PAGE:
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"Sleeping Giant: How the New Working Class Will Transform America"

Aired on Wednesday, October 5th.

On this edition of ST, we speak with Tamara Draut, who is Vice President of Policy and Research at Demos, a left-leaning national think tank. She's also the author of "Strapped: Why America's 20- and 30-Somethings Can't Get Ahead," and she joins to talk about her new book, which is called "Sleeping Giant: How the New Working Class Will Transform America." As was noted of "Sleeping Giant" by Kirkus Reviews: "A close examination of the plight of the working class, the decline of organized labor's political power, and the stirrings of activism that indicate change may be on the way. Draut...pulls no punches in her analysis. Asserting that 'the social contract of the New Deal is in tatters' and that 'the working class has had a boot on its neck for three decades,' she goes on to tell how that came about, who the responsible parties are, what that has meant to American society, and what can be done to create necessary changes. Draut defines working class as anyone in the labor force without a bachelor's degree. Because this group is more diverse -- i.e., black, Latino, and female -- than in the industrial era, it has been, she writes, easier to ignore. Interviews with workers in 'the bargain basement economy' provide a glimpse of their lives, and interviews with assorted activists in such movements as The Fight for $15 and Black Lives Matter show the latest strategies. The Republican Party and the once pro-union Democratic Party come in for some sharp jabs, as do America's cultural elites, its power brokers, and its news- and policy-makers for being too socially distant from the working class to see and understand what has been happening." Please note that Draut will be reading from this work, and signing copies of it, tonight (the 5th) at 7pm here in Tulsa. This event, co-presented by Book Smart Tulsa and the Oklahoma Policy Institute, will happen at the Woody Guthrie Center.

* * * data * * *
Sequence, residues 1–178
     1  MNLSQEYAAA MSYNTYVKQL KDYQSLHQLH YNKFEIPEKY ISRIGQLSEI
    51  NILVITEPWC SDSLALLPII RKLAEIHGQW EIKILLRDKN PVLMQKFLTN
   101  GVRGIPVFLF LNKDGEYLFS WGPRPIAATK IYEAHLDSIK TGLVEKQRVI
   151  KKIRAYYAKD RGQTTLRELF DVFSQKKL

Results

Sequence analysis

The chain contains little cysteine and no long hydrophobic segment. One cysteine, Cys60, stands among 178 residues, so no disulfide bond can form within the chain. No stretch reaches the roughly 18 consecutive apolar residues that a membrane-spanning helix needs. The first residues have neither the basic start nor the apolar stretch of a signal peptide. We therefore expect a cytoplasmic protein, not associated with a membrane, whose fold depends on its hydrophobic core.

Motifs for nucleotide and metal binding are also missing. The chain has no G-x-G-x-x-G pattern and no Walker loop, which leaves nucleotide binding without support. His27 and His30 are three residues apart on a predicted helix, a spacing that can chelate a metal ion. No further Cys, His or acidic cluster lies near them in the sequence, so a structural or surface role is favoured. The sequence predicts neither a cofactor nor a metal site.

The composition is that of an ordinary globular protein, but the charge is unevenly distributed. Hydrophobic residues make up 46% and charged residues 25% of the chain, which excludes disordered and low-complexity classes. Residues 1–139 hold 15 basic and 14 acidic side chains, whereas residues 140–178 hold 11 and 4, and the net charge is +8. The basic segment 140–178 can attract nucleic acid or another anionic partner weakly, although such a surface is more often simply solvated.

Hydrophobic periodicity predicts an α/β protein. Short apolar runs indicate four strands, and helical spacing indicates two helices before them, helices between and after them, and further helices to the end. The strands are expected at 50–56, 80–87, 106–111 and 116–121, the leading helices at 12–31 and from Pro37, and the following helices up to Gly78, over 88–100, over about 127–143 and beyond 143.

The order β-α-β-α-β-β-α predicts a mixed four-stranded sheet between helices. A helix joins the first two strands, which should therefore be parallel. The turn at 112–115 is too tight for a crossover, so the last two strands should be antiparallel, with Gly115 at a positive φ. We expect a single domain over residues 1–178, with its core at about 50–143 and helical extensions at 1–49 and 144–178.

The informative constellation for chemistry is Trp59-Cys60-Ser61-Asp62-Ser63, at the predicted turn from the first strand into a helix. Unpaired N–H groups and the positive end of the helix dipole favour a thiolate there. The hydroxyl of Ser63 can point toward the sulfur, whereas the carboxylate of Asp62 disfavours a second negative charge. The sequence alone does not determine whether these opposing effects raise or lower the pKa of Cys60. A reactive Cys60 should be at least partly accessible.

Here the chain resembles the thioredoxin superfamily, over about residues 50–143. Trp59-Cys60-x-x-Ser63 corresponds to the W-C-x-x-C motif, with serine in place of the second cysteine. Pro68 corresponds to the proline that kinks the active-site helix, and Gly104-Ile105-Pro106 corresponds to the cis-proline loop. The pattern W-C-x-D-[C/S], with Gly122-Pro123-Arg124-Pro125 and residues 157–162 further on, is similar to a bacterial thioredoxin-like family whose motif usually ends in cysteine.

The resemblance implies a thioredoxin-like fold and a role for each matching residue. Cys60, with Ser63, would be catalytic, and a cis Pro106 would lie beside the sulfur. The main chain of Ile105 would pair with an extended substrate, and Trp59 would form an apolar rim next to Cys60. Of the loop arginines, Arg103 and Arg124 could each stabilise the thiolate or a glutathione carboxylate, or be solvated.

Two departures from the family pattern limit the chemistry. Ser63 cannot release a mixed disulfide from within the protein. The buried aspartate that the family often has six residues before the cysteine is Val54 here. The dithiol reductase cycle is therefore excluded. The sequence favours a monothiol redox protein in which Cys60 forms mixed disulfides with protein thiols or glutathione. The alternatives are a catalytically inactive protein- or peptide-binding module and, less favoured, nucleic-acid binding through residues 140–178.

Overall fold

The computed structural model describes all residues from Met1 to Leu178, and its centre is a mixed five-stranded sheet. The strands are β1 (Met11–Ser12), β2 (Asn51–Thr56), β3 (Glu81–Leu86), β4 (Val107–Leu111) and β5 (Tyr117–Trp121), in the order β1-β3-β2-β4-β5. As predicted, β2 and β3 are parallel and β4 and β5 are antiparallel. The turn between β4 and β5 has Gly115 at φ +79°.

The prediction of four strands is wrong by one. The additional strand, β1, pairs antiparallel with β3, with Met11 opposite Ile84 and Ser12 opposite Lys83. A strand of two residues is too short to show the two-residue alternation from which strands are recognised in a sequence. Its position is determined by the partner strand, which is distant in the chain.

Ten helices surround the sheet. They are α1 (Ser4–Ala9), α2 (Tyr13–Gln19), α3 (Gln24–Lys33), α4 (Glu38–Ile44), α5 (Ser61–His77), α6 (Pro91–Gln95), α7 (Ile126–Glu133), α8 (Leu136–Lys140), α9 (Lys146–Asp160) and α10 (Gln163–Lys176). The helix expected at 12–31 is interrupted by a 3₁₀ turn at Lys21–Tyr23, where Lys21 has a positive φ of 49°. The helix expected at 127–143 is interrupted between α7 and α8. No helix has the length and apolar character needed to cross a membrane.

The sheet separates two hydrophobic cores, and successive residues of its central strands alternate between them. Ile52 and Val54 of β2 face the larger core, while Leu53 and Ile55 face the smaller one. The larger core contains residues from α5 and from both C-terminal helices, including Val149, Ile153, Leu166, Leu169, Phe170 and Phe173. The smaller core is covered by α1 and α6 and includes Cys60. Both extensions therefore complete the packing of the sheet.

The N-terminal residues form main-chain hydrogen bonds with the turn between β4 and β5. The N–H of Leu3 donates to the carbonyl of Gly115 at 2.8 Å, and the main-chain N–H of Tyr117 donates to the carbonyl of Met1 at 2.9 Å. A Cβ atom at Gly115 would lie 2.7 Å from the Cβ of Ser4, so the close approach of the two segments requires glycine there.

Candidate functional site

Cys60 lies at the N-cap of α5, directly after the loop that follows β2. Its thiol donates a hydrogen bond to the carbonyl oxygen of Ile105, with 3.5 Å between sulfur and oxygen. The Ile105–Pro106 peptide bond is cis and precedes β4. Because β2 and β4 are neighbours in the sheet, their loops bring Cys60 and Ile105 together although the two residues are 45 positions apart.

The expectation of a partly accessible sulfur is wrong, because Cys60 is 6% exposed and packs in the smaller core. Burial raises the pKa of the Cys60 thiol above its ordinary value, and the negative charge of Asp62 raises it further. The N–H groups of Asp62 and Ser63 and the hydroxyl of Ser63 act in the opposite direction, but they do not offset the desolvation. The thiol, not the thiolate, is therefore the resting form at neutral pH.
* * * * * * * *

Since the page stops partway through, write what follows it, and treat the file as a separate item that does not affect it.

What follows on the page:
Rich Fisher passed through KWGS about thirty years ago, and just never left. Today, he is the general manager of Public Radio Tulsa, and the host of KWGS’s public affairs program, StudioTulsa, which celebrated its twentieth anniversary in August 2012 . As host of StudioTulsa, Rich has conducted roughly four thousand long-form interviews with local, national, and international figures in the arts, humanities, sciences, and government. Very few interviews have gone smoothly. Despite this, he has been honored for his work by several organizations including the Governor's Arts Award for Media by the State Arts Council, a Harwelden Award from the Arts & Humanities Council of Tulsa, and was named one of the “99 Great Things About Oklahoma” in 2000 by Oklahoma Today magazine.
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